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Dec. 7 — Businesses don’t have to reassign their disabled workers into open positions ahead of more qualified, nondisabled employees, a federal appeals court in Atlanta ruled ( EEOC v. St. Joseph’s Hosp. , 2016 BL 406826, 11th Cir., No. 15-14551, 12/7/16 ).
The decision is important because the U.S. Court of Appeals for the Eleventh Circuit rejected a position championed by the federal agency tasked with enforcing federal job rights laws that disabled workers are generally entitled to reassignment free from competition.
The Equal Employment Opportunity Commission “has been pressing this issue forever,” Rae T. Vann of NT Lakis LLP told Bloomberg BNA Dec. 7. She said a contrary ruling by the Eleventh Circuit would have undercut the notion that an employer’s business judgment is entitled to deference under the Americans with Disabilities Act, including with regard to operational efficiency and employee performance.
The Washington-based management firm represented employer advocate the Equal Employment Advisory Council as an amicus in the case.
The Eleventh Circuit also rejected the EEOC’s argument that the other federal appeals courts are divided on the question.
Rather, the Eighth Circuit similarly held in 2007 that the ADA isn’t an affirmative action law and that employers aren’t required to turn away superior job candidates in favor of disabled workers seeking reassignment as a work accommodation, visiting Judge C. Huck said for the Eleventh Circuit. The Fifth Circuit’s view is consistent with the Eighth Circuit’s ruling, Huck added.
Contrary to the EEOC’s argument, the Seventh Circuit didn’t actually decide the question in a 2012 ruling, nor did the Tenth Circuit in 1999, Huck found. The District of Columbia Circuit discussed the issue in a 1998 decision but only in nonbinding dictum, Huck said.
The ruling upholds part of a lower court’s decision in favor of Tampa, Fla.'s St. Joseph’s Hospital in a case brought by the EEOC on behalf of former nurse Leokadia Bryk. Beginning in 2009, Bryk had used a cane while working to alleviate back and hip pain stemming from arthritis, spinal stenosis and hip replacement surgery.
However, the hospital informed Bryk in October 2011 that she couldn’t use her cane while working because she worked in the psychiatric ward and using it there posed a safety risk to employees and patients.
But she was given the chance to remain with St. Joseph’s if she was able to find a suitable open position she could transfer into within 30 days. The hospital also said it would extend the 30-day window for any job Bryk was being considered for when the initial 30 days lapsed.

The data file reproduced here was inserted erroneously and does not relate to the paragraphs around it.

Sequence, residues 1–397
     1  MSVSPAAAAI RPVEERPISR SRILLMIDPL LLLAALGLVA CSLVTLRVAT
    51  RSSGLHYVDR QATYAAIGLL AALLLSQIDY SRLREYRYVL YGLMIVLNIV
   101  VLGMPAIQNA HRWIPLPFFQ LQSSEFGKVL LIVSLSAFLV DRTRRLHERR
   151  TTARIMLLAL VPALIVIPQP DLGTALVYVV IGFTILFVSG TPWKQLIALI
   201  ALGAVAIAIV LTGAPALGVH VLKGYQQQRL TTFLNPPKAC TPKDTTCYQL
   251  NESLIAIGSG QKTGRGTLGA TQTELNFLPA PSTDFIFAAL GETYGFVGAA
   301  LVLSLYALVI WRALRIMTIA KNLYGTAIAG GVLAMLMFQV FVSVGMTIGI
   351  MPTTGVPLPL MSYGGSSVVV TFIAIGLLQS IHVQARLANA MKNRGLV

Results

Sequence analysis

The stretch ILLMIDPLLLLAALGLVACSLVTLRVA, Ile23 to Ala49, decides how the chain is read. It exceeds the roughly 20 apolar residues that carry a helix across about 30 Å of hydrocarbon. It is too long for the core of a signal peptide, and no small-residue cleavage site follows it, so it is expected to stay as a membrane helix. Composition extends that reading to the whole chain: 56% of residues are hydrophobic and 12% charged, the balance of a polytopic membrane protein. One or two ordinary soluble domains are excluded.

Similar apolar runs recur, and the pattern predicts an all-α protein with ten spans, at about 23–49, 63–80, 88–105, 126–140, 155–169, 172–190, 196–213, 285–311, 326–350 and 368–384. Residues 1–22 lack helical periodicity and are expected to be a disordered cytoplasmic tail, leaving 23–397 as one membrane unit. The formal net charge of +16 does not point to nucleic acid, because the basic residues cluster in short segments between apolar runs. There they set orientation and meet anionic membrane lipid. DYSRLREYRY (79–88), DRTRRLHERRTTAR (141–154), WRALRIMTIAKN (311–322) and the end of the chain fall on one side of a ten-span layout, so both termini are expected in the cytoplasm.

Bryk ultimately failed to obtain a transfer within the hospital and was fired. The EEOC sued, arguing in part that she should have been granted a reassignment to another job outside of the psychiatric ward without having to compete for the position.
In addition to recounting the similar rulings by the Eighth and Fifth circuits, the Eleventh Circuit also relied on the express language of the ADA in holding that the statute doesn’t require an employer to abandon a “best-qualified applicant policy” like the one followed by St. Joseph’s and give disabled workers “preferential treatment” in job reassignments.
“The ADA does not say or imply that reassignment is always reasonable,” Huck wrote. Rather, the ADA uses the word “may,” which indicates that a reassignment may sometimes be a reasonable accommodation and that other times it may not. The ADA only requires employers to reasonably accommodate disabled workers, Huck said.
The court also cited its own prior rulings on the issue as well as the U.S. Supreme Court’s holding in U.S. Airways, Inc. v. Barnett, 535 U.S. 391, 12 AD Cases 1729 (2002).
The justices held in Barnett that the ADA doesn’t require an employer to ignore an established seniority system for awarding reassignments when a disabled worker seeks reassignment as an accommodation, Huck said. As in Barnett, he found, requiring an employer to violate a best-qualified applicant policy in favor of a disabled worker wouldn’t ordinarily be reasonable and the EEOC didn’t show otherwise here.
“As things generally run, employers operate their businesses for profit, which requires efficiency and good performance. Passing over the best-qualified applicants in favor of less-qualified ones is not a reasonable way to promote efficiency or good performance,” the Eleventh Circuit wrote.
Vann told Bloomberg BNA the facts of the instant case provide a good example of why that’s so. “You don’t go to the hospital to be treated by someone who is minimally qualified,” she said.
Judges Ed Carnes and Joel F. Dubina joined the opinion.
The EEOC through a spokeswoman Dec. 7 declined to comment on the ruling. Counsel for the hospital didn’t respond Dec. 7 to Bloomberg BNA’s request for comment.
Gail S. Coleman of the EEOC in Washington and Ana Consuelo Martinez, Kimberly A. McCoy and Daniel L. Seltzer of the EEOC in Miami represented the commission. Thomas M. Gonzalez and Erin G. Jackson of Thompson Sizemore Gonzalez & Hearing P.A. in Tampa, Fla., represented the hospital.
To contact the reporter on this story: Patrick Dorrian in Washington at firstname.lastname@example.org
Text of the opinion is available at http://www.bloomberglaw.com/public/document/UNITED_STATES_EQUAL_EMPLOYMENT_OPPORTUNITY_COMMISSION_Plaintiff_A.
Copyright © 2016 The Bureau of National Affairs, Inc. All Rights Reserved.
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